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Comment: Re: So you have to install an app... (Score 1) 113

by tom229 (#48200761) Attached to: Delivering Malicious Android Apps Hidden In Image Files
What confuses me is that android has the exact same walled garden approach by default. You have to manually allow "untrusted source" installs. Apple, of course, doesn't allow this because then they wont get their 30% cut (it has nothing to do with security - sorry folks).

If you want to do this on ios, you jailbreak , and make your device more functional, but arguably less secure if you don't know what you're doing, or you're some sort of chimp.

Talking about security used to mean how free from vulnerabilities and exploits a platform was. It would seem things have devolved into a conversation about which platform more readily allows the town dullard to shoot himself in the foot. It's a political conversation indeed.

Comment: Re: Here's the solution (Score 1) 577

by tom229 (#48124861) Attached to: Will Windows 10 Finally Address OS Decay?
Arch, good guess. You're obviously using something debian based, probably Ubuntu. I haven't used Ubuntu in some years, but I don't remember them actively supporting the use of a ports-like system. It would certainly be possible in Ubuntu, but without community involvement, rather pointless.

Give Arch a try in a VM. I've yet to encounter a piece of software that hasn't had the source converted to a make package by someone in the AUR. Using the AUR is as simple as downloading the tarball, extracting, running makepkg, resolving dependencies, then pacman -S .

Oh, and don't use the base arch installer unless you have a lot of time on your hands. Go with something like ArchBang.

Comment: No Google (Score 1) 210

by tom229 (#48124653) Attached to: Snowden's Tough Advice For Guarding Privacy
Living without [a google account] is certainly possible. I've been doing it for years. I would agree that "app" developers seem obsessed with publishing their offerings through a single medium, that takes 30%, and requires their users to buy into the google/apple ecosystem. However, I blame this on the typical "app" developer being a mindless dullard, addicted to the status quo. The entire IT spectrum has been infested with these types of late. It's been frustrating.

Comment: Re: Google just pissy (Score 2) 107

by tom229 (#48068029) Attached to: Cyanogen Inc. Turns Down Google, Seeing $1 Billion Valuation
While the Android core operating system is free, the Android branding and "Google Apps" are not. In order to use either of these on your version of Android you need a license from an authorized testing facility that ensures the GApps suite functions properly. This is Google's one catch to providing the world with a free mobile operating system, and I think that's probably fair.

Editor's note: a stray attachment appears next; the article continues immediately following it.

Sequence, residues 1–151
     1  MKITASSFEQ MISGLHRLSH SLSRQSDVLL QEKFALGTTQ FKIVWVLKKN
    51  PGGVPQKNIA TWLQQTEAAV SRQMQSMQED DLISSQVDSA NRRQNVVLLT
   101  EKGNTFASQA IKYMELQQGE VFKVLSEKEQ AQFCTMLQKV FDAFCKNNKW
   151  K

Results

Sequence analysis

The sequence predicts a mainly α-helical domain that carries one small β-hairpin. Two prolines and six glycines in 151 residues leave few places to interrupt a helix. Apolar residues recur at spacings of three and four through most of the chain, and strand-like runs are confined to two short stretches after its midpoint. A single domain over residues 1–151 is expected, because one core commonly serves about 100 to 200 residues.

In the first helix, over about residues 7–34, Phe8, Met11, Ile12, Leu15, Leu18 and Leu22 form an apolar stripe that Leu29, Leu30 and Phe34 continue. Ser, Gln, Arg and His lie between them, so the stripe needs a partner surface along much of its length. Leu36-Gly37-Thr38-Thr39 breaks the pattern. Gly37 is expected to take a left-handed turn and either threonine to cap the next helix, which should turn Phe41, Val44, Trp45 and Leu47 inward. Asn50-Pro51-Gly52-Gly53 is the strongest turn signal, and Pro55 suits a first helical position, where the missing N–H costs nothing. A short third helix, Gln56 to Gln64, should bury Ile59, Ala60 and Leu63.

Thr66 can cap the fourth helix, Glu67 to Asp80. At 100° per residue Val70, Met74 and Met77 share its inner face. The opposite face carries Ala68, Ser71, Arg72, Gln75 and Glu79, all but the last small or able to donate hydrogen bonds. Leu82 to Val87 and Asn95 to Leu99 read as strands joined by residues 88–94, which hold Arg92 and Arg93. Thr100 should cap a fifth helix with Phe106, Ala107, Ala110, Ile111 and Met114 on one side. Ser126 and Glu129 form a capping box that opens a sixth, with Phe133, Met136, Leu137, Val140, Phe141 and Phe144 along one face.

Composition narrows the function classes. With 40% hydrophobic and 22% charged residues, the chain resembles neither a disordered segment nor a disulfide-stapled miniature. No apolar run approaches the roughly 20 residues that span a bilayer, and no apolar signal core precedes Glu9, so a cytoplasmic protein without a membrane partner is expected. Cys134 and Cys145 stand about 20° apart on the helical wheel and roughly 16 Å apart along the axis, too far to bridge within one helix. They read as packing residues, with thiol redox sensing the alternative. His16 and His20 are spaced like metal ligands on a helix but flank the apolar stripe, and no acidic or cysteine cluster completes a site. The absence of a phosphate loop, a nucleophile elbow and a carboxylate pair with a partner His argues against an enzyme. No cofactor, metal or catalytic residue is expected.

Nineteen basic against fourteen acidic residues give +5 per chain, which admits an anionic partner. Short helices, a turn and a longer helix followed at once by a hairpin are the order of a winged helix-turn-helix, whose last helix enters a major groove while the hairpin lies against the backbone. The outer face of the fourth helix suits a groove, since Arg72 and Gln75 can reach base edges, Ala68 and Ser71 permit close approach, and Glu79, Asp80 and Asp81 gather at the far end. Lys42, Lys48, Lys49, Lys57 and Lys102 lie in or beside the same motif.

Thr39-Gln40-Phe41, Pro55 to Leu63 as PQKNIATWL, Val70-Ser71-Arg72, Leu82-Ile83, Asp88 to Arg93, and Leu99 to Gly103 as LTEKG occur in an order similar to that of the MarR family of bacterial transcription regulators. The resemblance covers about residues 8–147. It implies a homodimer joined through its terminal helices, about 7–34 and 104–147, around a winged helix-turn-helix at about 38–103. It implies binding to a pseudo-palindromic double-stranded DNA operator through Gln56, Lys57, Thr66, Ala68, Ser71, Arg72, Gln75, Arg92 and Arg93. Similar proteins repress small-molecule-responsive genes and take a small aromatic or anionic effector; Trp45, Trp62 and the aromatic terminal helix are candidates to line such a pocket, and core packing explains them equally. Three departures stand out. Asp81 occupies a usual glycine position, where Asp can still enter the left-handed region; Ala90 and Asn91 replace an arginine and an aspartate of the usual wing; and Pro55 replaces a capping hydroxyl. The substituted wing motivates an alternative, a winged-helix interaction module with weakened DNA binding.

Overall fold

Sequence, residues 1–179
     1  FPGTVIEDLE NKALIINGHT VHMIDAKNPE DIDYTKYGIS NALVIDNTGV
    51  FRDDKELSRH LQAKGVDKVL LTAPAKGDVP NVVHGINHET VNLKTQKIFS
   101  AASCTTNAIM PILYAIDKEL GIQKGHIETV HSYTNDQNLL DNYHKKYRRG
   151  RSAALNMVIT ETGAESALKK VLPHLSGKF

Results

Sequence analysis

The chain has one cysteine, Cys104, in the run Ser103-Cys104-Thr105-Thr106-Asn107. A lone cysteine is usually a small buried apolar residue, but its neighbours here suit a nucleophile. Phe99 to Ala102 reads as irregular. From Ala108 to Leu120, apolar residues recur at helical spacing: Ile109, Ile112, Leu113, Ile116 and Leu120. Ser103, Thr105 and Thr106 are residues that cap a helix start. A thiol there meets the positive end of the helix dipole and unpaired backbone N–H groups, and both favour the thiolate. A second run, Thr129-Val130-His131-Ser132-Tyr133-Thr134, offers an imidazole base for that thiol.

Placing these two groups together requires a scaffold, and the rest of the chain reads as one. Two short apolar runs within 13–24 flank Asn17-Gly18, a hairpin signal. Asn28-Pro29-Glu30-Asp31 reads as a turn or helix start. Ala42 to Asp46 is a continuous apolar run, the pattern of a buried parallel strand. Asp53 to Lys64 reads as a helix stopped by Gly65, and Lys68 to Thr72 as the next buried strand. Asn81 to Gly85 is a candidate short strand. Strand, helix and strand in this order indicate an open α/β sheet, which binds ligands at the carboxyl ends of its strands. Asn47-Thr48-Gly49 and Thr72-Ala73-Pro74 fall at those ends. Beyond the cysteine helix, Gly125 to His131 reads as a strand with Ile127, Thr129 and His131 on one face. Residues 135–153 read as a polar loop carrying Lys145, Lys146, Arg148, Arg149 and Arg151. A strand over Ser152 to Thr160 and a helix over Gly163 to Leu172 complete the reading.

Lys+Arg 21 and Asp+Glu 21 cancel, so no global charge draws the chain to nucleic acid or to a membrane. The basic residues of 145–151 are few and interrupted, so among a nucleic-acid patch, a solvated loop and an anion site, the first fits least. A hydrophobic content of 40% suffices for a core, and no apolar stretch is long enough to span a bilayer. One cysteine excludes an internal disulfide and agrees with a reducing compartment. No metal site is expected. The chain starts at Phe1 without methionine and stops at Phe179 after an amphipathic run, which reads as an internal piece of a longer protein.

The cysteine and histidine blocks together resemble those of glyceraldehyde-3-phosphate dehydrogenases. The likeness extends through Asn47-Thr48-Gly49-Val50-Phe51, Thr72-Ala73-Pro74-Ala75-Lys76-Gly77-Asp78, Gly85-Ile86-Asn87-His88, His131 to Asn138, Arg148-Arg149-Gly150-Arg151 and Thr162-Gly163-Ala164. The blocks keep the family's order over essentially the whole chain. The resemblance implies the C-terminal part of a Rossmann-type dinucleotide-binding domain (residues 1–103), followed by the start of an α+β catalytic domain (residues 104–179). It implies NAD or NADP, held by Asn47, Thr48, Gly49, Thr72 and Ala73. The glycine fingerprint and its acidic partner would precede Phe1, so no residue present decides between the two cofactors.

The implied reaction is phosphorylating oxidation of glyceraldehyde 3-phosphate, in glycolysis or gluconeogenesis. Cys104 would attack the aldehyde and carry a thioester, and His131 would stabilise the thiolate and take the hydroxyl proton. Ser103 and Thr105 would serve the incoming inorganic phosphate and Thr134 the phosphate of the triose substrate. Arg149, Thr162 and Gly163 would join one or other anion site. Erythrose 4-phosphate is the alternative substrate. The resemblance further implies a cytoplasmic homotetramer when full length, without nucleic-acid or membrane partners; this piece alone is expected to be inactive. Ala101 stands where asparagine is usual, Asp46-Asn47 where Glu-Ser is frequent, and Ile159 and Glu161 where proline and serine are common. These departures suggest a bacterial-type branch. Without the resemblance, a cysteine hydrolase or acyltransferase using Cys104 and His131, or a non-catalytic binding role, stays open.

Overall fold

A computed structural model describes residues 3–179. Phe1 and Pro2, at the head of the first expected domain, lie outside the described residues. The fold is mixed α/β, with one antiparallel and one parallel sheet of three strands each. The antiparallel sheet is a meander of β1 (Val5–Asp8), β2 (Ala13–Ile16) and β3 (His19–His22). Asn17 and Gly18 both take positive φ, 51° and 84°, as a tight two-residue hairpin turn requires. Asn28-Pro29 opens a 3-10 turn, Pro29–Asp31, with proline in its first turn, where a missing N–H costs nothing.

Regardless, I think many people wouldn't be happy if cm automatically included GApps, since the lack of that proprietary spyware is the main reason to use it.

Comment: Re: Here's the solution (Score 4, Informative) 577

by tom229 (#48043099) Attached to: Will Windows 10 Finally Address OS Decay?
make uninstall Also compiling from source should rarely be necessary. Most modern distributions will include a ports like system that will allow you to compile source into a fake root, use the information gathered to build a package, and then install the package with your package manager. This ensures everything is cleaned up properly upon package removal. Of course even building a package for the software is probably unnecessary as it's very likely someone has already done it for you. Linux' package management is vastly superior to both Windows and osx (don't you just drag a folder into the garbage can? Give me a break). You just have to know what you're doing.

Comment: Re:Joke's on them (Score 1) 172

by tom229 (#47918389) Attached to: Quickflix Wants Netflix To Drop Australian VPN Users
Much cheaper than VPN too. I use one, and have been for the last year or two. I've always been curious how it works though. My current theory is that it must exploit a function of the netflix protocol that uses a separate domain to authenticate the stream than it does to stream the content. Thus your dns provider can detect dns lookups to this address (lets say authenticate.netflix.com), proxy the authentication for you, and then let the stream between you and netflix's servers commence directly once youre authenticated.

Could anyone elaborate and provide a complete low level understanding of how this works?

Comment: The Regulation Bureaucracy (Score 1) 364